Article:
Anousha Payne graduated from Camberwell College of arts with a BA in Sculpture in 2014. Recent exhibitions include Tangled Toes, Twisted Ears at Public Gallery (London, 2022); An Ode to Orlando, curated by Marcelle Joseph at Pi Arts (London, 2022); As She Laughs at Cooke Latham with Anna Perach (London, 2021); Hawala at Paradise Row Projects (London, 2021), and Beyond Skin at Tube Culture Hall (Milan, 2021). Upcoming and current shows include grow show It is Better to be Cats than be Loved at Tabula Rasa Gallery (2022), a solo exhibition at Stellarhighway in New York (2022) and group shows at Alkinois, Athens, and Andrea Festa in Rome (2022).




Cheri Smith 




Cheri Smith (b. 1991, Essex) currently lives and works in London. Cheri’s works explore themes of animality, embodiment, wildness and strangeness, and are informed by her own detailed observations and imagination. She paints with oil, egg tempera or glue distemper onto supports such as canvas, panel and bookcover. Animals proliferate in Cheri’s paintings, offering a symbolic role while also enacting their own autonomous lives. They scratch and nip with a playfulness bordering on violence. These works intend to illuminate the inherent unknowability of the natural world, and to ruminate on our contemporary place within it.

Cheri Smith completed her postgraduate in drawing from the Royal Drawing School in 2018, where she was awarded the Trustees Prize. She received her BA (Hons) in Fine Art from Norwich University of the Arts in 2013. She has been the recipient of residencies at Hanover Grange, Jamaica (2019) and Borgo Pignano, Italy (2020), and will undertake a residency at Dumfries House, Scotland later this year. Her recent exhibitions include It is Better to be Cats than be Loved, Tabula Rasa Gallery (London, 2022), Bookworks, James Freeman Gallery (London, 2022); Nine Lives, Fortnight Institute (New York, 2021); Winter Solstice 2020 Art, Books & Ephemera, Fortnight Institute (New York, 2020); The Lynn Painter-Stainers Prize, the Mall Galleries (London, 2019), and Best of the Drawing Year at Christies (London, 2018).



Sophie Ruigrok




Sophie Ruigrok (b. 1992, London) lives and works in London (UK). Rich with archetypal symbolism, art historical reference, allusions to the artist’s personal life and rooted in Jungian psyschonalysis, Ruigrok’s practice explores how the spiritual and the everyday both reflect and rub up against each other. The constellation of images she offers for this exhibition interrogates the idea of the self; how identity is both concealed and revealed. The shape-shifting symbol of the mask recurs; in Waiting for you (part 5), it lays nestled in the palm of a hand, in Learnt Behaviours on a finger as a ring and in Relax your earth body amongst soft velvet. The tears that roll down the mask’s face are a recurring motif in Ruigrok’s work, symbolic for the exchange between the inner and outer world, where immaterial emotion becomes material. You may find yourself in a period of deep personal development and growth references a specific gesture signifying ‘I swear it’s true’, as well as taking this temporary loss of sight as a symbol for transformation - an ability to move from one mode of ‘seeing’ to another - and the turn to a more introspective mode.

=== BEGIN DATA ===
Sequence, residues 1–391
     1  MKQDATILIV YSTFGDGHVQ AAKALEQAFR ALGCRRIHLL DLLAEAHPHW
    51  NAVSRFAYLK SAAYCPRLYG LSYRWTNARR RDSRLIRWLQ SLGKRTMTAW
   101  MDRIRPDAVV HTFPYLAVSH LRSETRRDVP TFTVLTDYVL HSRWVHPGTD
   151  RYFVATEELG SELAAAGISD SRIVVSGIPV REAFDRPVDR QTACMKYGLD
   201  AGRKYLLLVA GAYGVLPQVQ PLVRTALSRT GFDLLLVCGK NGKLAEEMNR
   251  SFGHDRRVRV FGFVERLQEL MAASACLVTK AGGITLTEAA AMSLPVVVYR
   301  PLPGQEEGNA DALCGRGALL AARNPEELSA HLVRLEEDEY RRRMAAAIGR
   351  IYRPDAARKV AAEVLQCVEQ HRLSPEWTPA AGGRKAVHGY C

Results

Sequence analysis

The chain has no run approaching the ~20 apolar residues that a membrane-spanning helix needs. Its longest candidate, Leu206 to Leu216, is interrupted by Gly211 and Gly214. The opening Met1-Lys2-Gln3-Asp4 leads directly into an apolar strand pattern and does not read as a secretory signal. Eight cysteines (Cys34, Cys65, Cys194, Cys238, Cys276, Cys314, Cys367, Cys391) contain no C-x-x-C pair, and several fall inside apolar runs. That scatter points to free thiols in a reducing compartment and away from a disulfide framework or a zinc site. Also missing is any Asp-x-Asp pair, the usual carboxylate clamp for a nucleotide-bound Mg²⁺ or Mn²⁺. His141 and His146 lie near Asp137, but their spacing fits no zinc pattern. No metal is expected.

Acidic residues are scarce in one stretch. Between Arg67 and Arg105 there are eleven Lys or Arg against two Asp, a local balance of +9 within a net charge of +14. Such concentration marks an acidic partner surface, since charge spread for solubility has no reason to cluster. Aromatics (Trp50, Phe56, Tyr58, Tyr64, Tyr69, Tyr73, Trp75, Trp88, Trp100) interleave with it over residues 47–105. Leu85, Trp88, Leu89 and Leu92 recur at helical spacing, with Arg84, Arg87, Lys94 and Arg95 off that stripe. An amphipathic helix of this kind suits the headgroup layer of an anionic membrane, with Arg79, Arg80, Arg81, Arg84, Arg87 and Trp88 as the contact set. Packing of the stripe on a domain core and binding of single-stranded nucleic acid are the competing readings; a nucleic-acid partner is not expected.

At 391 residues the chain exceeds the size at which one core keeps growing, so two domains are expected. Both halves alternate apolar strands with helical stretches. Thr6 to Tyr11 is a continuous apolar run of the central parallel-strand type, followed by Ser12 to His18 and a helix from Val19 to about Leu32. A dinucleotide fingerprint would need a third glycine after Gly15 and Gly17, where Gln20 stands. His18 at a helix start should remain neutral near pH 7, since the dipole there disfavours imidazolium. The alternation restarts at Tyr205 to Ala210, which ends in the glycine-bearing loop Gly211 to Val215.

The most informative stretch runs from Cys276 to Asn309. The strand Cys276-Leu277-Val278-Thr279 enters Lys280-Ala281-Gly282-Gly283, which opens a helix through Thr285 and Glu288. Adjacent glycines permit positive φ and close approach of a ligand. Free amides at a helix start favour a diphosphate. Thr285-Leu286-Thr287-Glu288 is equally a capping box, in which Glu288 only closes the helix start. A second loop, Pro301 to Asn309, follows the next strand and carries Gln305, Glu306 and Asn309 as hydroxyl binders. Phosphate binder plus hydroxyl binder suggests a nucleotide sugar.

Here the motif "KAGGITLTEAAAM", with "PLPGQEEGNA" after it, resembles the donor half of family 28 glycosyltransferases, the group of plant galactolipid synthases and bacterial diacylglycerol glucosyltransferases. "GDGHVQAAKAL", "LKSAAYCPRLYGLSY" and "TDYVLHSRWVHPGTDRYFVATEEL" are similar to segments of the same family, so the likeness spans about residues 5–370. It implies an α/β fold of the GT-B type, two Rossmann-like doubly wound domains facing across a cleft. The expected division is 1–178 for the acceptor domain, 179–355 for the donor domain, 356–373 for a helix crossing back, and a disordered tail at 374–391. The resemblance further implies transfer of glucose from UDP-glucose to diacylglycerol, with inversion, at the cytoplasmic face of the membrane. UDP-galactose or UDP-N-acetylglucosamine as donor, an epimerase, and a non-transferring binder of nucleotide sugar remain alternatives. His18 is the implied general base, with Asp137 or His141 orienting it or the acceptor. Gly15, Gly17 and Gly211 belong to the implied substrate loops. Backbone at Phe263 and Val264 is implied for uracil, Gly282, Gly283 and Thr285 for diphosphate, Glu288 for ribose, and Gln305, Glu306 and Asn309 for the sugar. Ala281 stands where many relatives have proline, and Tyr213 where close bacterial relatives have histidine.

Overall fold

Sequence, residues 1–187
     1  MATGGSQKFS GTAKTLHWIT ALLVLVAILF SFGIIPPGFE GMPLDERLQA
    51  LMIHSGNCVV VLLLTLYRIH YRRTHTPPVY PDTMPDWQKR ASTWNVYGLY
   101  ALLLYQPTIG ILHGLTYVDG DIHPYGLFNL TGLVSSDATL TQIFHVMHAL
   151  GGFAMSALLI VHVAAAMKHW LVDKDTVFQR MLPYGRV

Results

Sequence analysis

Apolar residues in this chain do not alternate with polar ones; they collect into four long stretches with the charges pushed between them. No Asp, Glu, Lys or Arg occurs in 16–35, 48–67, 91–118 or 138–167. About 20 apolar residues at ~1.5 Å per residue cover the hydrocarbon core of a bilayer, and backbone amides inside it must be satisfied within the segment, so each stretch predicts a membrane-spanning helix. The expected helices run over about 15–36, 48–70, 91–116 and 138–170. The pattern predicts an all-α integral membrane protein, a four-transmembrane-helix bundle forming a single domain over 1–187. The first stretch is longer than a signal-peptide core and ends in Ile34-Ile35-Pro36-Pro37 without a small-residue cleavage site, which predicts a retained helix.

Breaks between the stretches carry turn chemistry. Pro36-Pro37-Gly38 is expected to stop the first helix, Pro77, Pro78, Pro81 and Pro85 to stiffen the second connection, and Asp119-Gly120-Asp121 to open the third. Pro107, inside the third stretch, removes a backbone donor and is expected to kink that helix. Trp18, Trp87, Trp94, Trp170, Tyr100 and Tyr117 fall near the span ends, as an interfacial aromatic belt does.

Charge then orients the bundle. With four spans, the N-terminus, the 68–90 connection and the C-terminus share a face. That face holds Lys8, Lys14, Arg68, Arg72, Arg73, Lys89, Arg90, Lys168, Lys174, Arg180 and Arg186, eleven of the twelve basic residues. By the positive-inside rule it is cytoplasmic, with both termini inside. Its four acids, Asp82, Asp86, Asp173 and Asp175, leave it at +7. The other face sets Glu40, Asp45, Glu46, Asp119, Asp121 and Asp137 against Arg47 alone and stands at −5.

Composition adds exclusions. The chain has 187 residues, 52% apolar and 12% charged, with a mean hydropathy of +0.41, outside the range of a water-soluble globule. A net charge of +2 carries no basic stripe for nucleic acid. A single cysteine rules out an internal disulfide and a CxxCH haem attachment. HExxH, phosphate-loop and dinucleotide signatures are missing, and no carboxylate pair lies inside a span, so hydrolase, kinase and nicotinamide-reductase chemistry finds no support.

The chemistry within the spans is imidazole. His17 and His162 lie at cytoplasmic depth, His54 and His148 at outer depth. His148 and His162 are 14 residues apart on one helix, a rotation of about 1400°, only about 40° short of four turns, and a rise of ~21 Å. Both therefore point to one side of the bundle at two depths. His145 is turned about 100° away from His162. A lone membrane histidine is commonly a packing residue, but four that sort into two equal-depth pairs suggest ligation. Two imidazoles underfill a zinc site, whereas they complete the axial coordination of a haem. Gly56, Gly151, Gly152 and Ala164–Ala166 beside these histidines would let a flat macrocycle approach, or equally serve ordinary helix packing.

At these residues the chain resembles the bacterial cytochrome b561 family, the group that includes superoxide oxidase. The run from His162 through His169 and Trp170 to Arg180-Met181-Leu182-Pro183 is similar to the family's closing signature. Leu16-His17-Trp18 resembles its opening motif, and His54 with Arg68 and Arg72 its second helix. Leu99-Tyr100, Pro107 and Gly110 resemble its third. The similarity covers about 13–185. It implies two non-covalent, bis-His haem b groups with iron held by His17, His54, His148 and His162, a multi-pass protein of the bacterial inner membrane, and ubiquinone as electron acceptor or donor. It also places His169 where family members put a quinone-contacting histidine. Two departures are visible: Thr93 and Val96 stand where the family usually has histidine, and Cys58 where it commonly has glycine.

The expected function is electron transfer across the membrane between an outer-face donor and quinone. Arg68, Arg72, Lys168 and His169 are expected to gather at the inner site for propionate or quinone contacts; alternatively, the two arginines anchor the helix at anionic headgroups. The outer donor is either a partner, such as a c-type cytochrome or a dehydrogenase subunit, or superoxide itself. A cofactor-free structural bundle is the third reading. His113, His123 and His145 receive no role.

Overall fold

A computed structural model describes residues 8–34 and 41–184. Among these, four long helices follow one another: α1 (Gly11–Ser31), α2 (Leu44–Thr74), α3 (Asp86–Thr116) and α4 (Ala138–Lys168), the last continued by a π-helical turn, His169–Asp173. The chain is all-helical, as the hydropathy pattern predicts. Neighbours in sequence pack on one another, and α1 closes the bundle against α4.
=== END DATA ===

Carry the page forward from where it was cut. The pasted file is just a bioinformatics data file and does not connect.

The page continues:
Ruigrok completed a postgraduate diploma in Drawing at the Royal Drawing School in 2019, and was selected for Bloomberg New Contemporaries 2020, exhibiting at the South London Gallery in 2021. Her first solo exhibition “today I feel relevant and alive” was held at The Sunday Painter (London, 2022). Recent exhibitions include It is Better to be Cats than be Loved, Tabula Rasa Gallery (London, 2022); Love is the Devil: Studies after Francis Bacon, Marlborough (London, 2022); A Grain of Sand, The Sunday Painter (London, 2021). Sophie has been awarded an artist’s residency in Borgo Pignano (Tuscany, Italy) in September 2022.


Shafei Xia




Shafei Xia (b. 1989, Shaoxing, China) currently lives and works in Bologna, Italy. Shafei’s works explore the cruder aspects of contemporary reality, in which we feel powerless, frightened at times, and often insecure through works that combine human emotions and animal instincts. She makes paintings on sandal paper mounted on canvas and ceramic works. She often represents herself as a tiger, a symbol of power and instinctive force, which in Chinese alchemy indicates the active principle, energy as opposed to the passive principle. Furthermore, the tiger as the motif has shown a gradual change in her works, it becomes more playful and personable overtimes, hinting at the subrogation of power among agents overtime.

In 2013, After graduating in set design from ChongQing University in China, she turned down a steady job in her native city to move to Shanghai where after various experiences her first sale of a work enabled her to “catch the scent of freedom in the air,” as she writes. She moved to Bologna and completed her degree at the Fine Arts Academy in 2020. In 2019 she won the Talent Prize of Fondazione Zucchelli per l’Arte. Her ongoing exhibitions include include It is Better to be Cats than be Loved, Tabula Rasa Gallery (London, 2022), Passando avanti alla mia finestra, P420, Bologna, IT (solo, 2022); quel jour sommes- nous?, Tokonoma, Kassel, DE (2022); Il giardino dell’arte. Opere, collezioni, Centro Pecci per l’Ar- te Contemporanea, Prato, IT (2022).







Tabula Rasa Gallery (London)
Unit One, 99 East Road,
Hoxton, London
N1 6AQ
Tuesday - Saturday 12:00 - 18:00 | Sunday - Monday Closed



© 2022 Tabula Rasa Gallery


Tabula Rasa Gallery  (London)